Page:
ONE of the keep fit group featured in The Shetland Times last year is to run in the New York Marathon.
Lerwick taxi driver Arthur Burgess, known as Ertie, volunteered to take part in an exercise programme sponsored by Shetland Recreational Trust and his progress was reported weekly.
Formerly an unfit 20 stone, Ertie, 47, embraced his fitness regime with gusto. The self-confessed couch potato, who used to go home from his sedentary job to lie on the sofa, shed several stone by going to the gym. He also became more conscious of his diet.
Even after the programme ended he kept exercising, and began to dream of running a marathon.
Ertie, who is 6ft 3in, had always wanted to raise money for charity – one of his daughters had suffered the worst form of meningitis, meningicoccal septicaemia, 10 years ago, and he had vowed that one day he would “do something” for the Meningitis Research Foundation.
Although he had never run a long distance before, he applied to run in the New York Marathon. When the organisers heard about his reason for doing it and about his keep fit efforts he was accepted straight away.
Ertie started running while still on the fitness programme and started training seriously for November’s marathon four weeks ago. He now has a gruelling schedule which involves training five days a week. On Tuesday he goes “spinning” on a stationary exercise bike, on Wednesday he goes for a six-mile run, on Thursday he trains with weights and on Friday he goes for a seven-mile run. He then has a well-deserved rest before a longer run on Sunday, which this week was 12 miles.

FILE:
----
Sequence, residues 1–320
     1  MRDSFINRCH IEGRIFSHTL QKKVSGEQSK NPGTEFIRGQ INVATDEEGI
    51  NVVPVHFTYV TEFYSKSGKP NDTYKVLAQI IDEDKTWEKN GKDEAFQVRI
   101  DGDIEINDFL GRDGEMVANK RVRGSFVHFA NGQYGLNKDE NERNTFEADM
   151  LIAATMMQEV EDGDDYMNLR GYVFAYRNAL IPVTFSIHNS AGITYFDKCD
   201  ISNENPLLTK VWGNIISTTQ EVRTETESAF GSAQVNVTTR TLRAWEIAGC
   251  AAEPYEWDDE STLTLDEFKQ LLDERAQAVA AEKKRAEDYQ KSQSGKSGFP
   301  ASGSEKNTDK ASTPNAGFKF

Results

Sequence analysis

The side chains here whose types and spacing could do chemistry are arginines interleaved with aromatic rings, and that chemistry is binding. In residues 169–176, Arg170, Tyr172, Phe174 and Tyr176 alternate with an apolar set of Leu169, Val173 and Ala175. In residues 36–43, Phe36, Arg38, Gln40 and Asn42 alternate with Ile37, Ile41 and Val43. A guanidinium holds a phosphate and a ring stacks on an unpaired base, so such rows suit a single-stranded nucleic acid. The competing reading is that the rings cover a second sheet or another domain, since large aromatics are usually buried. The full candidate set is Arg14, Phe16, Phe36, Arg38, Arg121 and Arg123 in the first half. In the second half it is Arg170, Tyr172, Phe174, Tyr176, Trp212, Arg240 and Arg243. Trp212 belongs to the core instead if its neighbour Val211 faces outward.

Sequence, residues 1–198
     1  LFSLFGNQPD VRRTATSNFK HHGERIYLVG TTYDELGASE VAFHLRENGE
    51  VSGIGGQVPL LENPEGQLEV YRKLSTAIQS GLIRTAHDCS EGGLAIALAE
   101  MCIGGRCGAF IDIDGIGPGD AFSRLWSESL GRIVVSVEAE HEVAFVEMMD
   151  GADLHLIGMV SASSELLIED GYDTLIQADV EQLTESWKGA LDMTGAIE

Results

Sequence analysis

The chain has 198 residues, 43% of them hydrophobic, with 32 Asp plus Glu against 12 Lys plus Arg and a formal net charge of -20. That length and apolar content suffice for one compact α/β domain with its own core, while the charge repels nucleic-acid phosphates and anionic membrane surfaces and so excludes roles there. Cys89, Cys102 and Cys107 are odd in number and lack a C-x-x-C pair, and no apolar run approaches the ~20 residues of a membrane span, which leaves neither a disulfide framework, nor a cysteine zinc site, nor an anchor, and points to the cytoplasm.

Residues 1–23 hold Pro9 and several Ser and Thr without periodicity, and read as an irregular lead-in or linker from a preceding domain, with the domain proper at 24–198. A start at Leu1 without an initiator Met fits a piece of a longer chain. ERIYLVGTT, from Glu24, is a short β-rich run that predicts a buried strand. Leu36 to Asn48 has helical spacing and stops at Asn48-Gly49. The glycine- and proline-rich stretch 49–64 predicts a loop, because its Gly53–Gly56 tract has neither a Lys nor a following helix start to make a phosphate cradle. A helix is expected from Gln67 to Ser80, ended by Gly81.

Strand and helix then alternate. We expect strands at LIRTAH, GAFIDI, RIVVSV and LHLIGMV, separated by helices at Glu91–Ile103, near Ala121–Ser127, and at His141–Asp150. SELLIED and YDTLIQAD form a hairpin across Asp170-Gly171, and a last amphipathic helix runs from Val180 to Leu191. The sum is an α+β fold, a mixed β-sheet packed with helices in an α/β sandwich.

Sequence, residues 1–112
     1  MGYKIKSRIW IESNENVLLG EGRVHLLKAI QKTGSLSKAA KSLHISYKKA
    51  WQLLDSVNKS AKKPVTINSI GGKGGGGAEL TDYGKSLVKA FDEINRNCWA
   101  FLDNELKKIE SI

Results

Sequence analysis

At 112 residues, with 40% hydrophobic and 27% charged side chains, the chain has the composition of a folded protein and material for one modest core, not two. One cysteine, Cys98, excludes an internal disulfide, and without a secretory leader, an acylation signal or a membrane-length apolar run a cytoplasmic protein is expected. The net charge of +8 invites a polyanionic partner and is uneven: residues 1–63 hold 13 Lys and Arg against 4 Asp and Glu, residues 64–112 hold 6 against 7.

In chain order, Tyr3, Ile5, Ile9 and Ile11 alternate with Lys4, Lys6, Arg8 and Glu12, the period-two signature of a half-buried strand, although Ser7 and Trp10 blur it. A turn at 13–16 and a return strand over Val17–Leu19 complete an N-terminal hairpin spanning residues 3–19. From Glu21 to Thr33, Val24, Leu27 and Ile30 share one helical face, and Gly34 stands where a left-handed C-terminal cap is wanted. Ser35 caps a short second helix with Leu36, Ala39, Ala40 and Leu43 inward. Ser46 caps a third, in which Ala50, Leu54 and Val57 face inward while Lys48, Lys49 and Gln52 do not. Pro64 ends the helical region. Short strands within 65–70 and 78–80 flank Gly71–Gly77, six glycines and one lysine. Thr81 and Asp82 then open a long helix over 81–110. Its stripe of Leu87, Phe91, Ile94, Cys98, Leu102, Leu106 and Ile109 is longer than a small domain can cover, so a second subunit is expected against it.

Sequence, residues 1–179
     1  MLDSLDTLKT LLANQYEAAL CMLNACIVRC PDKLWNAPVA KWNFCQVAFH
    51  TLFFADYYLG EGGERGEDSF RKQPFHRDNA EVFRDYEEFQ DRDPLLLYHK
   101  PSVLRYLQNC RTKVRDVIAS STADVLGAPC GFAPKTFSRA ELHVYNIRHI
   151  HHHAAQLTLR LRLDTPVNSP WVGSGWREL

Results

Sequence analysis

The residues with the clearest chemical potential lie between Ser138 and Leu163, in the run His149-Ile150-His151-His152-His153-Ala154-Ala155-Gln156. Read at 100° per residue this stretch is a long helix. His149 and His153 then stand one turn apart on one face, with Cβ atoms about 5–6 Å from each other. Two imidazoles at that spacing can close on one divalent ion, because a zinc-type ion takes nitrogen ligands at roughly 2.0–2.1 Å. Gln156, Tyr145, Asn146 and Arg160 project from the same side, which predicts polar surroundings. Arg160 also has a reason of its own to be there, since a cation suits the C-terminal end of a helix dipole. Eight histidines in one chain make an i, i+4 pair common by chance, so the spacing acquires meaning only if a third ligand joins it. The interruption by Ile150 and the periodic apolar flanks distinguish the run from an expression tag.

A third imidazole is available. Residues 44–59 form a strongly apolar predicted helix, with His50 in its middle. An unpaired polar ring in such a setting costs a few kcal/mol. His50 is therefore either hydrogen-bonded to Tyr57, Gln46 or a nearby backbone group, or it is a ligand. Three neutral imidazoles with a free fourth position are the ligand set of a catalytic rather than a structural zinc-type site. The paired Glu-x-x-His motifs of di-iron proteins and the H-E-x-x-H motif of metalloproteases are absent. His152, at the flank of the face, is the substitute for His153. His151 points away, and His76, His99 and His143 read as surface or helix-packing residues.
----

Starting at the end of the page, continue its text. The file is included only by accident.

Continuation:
As the New York Marathon is on a Sunday he has reserved his biggest runs for this day, and will build up his distance by two miles every week until he reaches 22 miles. It is not considered necessary to run the 26 miles of a marathon in training.
Ertie, now 17 and a half stone, said: “It’s getting easier and I’m building up my stamina. Running 12 miles was the distance of a half marathon and it wasn’t a problem. I could run the 12 miles without stopping, I was up the Quarff hills and up Sound brae. I did it in two hours eight minutes. I work with a heart monitor and if I think it’s too much I slow down a bit.”
He expects to do the New York Marathon in around four and a half hours, although the time, he said, was not important. “As long as I don’t get any injuries I’ll be ok.”
Ertie’s life now is very different from when he started the fitness programme. “I would never have done this [the marathon] without the keep fit programme last year. I couldn’t run 200 metres then – if I did I’d be completely out of breath.
“I set myself a goal and it kept me focused. When I finish this marathon I’ll do something next year.
“I’d like to lose another stone but it’s difficult because I have to eat to get energy. I’m not on a special diet, I still have a fish supper and a Chinese, you canna stop that, but I eat half of what I used to and I watch what I eat.”
Ertie will leave Shetland at the end of October and run the marathon on 2nd November. He has put out sponsor sheets and approached businesses for support and has raised £3,500 so far. If anyone would like more information or would like to help him they should go the the website www.justgiving.com/arthurburgess
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The Shetland Times is looking for volunteers for a new exercise programme to be run in conjunction with SRT over the winter months. If anyone is interested, they should contact editor Paul Riddell on (01595) 746715 or firstname.lastname@example.org